- Nasser Al Khater says Qatar has nothing to hide despite allegations of corruption during bidding process
- Says his committee is working with international organisations to improve labour laws
- Says World Cup 2022 will be a truly Middle Eastern affair
Doha – 15th July 2014
Nasser Al Khater, the Communications Director of the World Cup 2022 Supreme Committee, has told Al Jazeera that he’s confident “the World Cup will take place in Qatar.”
In his first interview since allegations of corruption during the World Cup bid in 2010, reports of migrant worker abuse in Qatar, and the constant debate on whether Qatar is fit to host the tournament, Al Khater spoke exclusively to Al Jazeera’s Lee Wellings in Brazil.
When asked about the FIFA ethics committee’s investigation into corruption during the bidding process for the right to host the 2018 and 2022 FIFA World Cup, Al Khater said his country will comply with the investigation but stressed Qatar has nothing to hide:
"First of all it is actually an investigation into the bidding process of 2018, 2022 World Cup, Qatar is part of that, Russia 2018 is part of that, the whole process is part of that, everybody involved is part of this investigation. So it is unfortunate that people single out Qatar every time they discuss it, which is absolutely not the case. We’ve been true to what we have said in the past, our statements that we always put up have held ourselves to the highest ethical standards stand from my heart. We believe in it, we are confident of it and we are confident of how we’ve behaved."
Al Khater quickly distanced the relationship between Qatar’s World Cup bid team and Mohammed Bin Hammam, the disgraced FIFA executive who himself is a Qatari and was recently accused with fresh allegations that he used a $5m slush fund to not only buy goodwill for his tilt at the Fifa presidency but to aid the 2022 bid. Al Khater denied any improper conduct from Qatar:
"Bin Hammam was an executive committee member like the rest of the 23 executive committee members that were present at the time. We had to engage with him, as we had to engage with everybody else. So definitely there was engagement with him. Was he part of our bid? He was not part of our bid. Did he represent us? Not at all, we have to remember that we had to engage with him, we had to convince him and it is not secret that at the very beginning he was quite skeptical about a World Cup in Qatar. But then when he saw the merits he saw the merits in a compact World Cup, he saw the merits on what we can give back to the world of football, I think just like we convinced the others, he was convinced as well”.
Qatar’s World Cup preparations have been rocked by investigations by Amnesty International and Human Rights Watch on the malpractices and the treatment of migrant workers, mostly from Nepal and India, who are considered to live and work in slave-like conditions. Al Khater said his committee are doing everything they can to make working conditions safe in Qatar as preparations are underway:
"I think people have to keep in mind Qatar, and the progress of Qatar, and the evolution of Qatar in the past thirty years, what Qatar has achieved, is what some western European countries have achieved in 150 years that includes laws as well. Labour laws are mashed within these laws, what happens in a country that progresses so quickly and population wise progresses so quickly. I have to say Amnesty International, Human Rights Watch, we work with them, I find them fantastic, they are very collaborative, they are very constructive, they are critical when they have to be and we like working with them."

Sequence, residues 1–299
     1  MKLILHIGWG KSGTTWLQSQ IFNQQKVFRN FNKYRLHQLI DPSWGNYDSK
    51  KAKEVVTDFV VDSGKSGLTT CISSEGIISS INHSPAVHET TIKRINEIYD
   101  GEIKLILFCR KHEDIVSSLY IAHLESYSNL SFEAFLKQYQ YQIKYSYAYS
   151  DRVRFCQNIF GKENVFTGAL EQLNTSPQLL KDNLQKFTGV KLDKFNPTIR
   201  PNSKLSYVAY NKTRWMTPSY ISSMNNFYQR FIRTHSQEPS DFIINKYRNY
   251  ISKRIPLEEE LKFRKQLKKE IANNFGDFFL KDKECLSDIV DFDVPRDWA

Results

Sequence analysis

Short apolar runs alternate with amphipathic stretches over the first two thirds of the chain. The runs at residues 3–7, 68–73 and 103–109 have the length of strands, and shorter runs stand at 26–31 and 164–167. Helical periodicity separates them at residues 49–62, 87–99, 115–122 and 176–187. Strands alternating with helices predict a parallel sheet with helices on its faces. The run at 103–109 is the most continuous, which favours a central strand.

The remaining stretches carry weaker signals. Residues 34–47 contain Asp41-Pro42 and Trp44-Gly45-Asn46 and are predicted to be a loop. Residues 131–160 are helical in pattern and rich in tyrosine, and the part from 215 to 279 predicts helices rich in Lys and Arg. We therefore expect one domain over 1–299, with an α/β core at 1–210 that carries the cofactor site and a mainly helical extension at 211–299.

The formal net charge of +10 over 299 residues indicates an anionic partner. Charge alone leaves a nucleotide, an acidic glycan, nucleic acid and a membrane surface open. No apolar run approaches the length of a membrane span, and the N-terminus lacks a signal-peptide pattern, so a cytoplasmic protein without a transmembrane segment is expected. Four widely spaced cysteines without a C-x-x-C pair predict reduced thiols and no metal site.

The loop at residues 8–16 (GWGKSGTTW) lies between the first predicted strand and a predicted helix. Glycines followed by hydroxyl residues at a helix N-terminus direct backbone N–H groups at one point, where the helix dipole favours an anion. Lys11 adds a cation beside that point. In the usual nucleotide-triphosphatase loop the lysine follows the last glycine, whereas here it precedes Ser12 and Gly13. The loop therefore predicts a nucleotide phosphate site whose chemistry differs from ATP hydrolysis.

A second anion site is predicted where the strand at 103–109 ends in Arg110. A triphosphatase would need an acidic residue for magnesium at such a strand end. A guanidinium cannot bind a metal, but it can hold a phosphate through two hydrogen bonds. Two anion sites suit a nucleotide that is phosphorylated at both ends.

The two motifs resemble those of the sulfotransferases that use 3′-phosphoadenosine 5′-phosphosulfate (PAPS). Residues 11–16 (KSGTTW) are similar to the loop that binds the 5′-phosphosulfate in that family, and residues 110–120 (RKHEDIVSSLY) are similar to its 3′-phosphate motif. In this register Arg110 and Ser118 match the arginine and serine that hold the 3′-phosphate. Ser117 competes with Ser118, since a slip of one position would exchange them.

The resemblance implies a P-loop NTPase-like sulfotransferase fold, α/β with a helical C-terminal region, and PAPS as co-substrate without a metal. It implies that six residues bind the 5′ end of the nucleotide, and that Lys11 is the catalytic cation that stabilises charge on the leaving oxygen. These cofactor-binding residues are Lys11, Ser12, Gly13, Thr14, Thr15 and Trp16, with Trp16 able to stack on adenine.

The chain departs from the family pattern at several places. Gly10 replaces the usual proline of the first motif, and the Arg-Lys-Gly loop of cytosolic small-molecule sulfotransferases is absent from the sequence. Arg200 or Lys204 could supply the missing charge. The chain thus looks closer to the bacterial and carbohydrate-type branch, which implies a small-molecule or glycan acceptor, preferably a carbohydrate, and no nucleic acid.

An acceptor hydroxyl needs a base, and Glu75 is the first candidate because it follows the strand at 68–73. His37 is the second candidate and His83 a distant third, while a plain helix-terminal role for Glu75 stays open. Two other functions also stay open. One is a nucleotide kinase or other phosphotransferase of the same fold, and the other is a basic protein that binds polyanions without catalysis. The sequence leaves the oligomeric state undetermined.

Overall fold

Prior to the 2014 World Cup, the FIFA President, Sepp Blatter said it may have been a mistake award the tournament to Qatar due to the intense summer months, where the temperature reaches up to 50 degrees Celsius. The initial technical report into Qatar’s bid had clearly stated it was too hot, Blatter had further added that the tournament might be held in Qatar’s winter instead of summer instead. Al Khater said either way his country can host the World Cup in the summer months or winter.
"Let us be honest, we can host a World Cup in the summer. We are waiting on the task force to come back and make the recommendations and we are waiting for a decision that will be made by whether it is congress, the executive committee. I don’t know we are waiting for that decision to be able to implement and go forward. Our plans won’t change, we are going to be ready to host the World Cup in 2022, whether is the winter or summer of 2022.”
Al Khater reassured the world the 2022 World Cup will be a celebration and truly a Middle Eastern affair: “These two billion people are going to be from various cultures, various ethnicities, various, people from different parts of west Asia, the Middle East, north Africa and I think it is going to be rich and vibrant. That will be the time when people are going to realise that they are mingling with people in the Middle East, celebrating the common language of football, which is going to be absolutely great. The Middle East had three attempts prior to ours, and this is just a continuation for us of trying an attempt to host the first World Cup in the Middle East and we’ve succeeded and therefore we stay committed to what we’ve said, that we want truly for this to be a World Cup that represents the Middle East, that people experience a Middle Eastern culture, not just the Qatari culture.
The interview will be on Al Jazeera English on 16th June at 1045GMT
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